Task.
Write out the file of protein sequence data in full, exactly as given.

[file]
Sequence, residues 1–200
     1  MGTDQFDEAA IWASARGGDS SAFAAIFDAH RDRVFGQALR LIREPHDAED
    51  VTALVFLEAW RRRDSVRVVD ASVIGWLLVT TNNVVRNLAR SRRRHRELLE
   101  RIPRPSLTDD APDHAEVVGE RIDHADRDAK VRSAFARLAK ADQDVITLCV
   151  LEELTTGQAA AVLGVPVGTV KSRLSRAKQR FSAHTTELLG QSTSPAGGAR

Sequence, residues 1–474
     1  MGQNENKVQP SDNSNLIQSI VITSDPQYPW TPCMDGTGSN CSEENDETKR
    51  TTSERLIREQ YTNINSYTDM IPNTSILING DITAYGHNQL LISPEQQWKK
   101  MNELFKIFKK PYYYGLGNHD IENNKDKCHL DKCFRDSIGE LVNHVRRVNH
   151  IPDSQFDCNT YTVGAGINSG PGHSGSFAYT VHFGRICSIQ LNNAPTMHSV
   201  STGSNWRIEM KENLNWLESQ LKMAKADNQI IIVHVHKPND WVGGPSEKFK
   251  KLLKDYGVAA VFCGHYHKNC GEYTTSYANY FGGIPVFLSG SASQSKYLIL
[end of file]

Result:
Sequence, residues 1–200
     1  MGTDQFDEAA IWASARGGDS SAFAAIFDAH RDRVFGQALR LIREPHDAED
    51  VTALVFLEAW RRRDSVRVVD ASVIGWLLVT TNNVVRNLAR SRRRHRELLE
   101  RIPRPSLTDD APDHAEVVGE RIDHADRDAK VRSAFARLAK ADQDVITLCV
   151  LEELTTGQAA AVLGVPVGTV KSRLSRAKQR FSAHTTELLG QSTSPAGGAR

Sequence, residues 1–474
     1  MGQNENKVQP SDNSNLIQSI VITSDPQYPW TPCMDGTGSN CSEENDETKR
    51  TTSERLIREQ YTNINSYTDM IPNTSILING DITAYGHNQL LISPEQQWKK
   101  MNELFKIFKK PYYYGLGNHD IENNKDKCHL DKCFRDSIGE LVNHVRRVNH
   151  IPDSQFDCNT YTVGAGINSG PGHSGSFAYT VHFGRICSIQ LNNAPTMHSV
   201  STGSNWRIEM KENLNWLESQ LKMAKADNQI IIVHVHKPND WVGGPSEKFK
   251  KLLKDYGVAA VFCGHYHKNC GEYTTSYANY FGGIPVFLSG SASQSKYLIL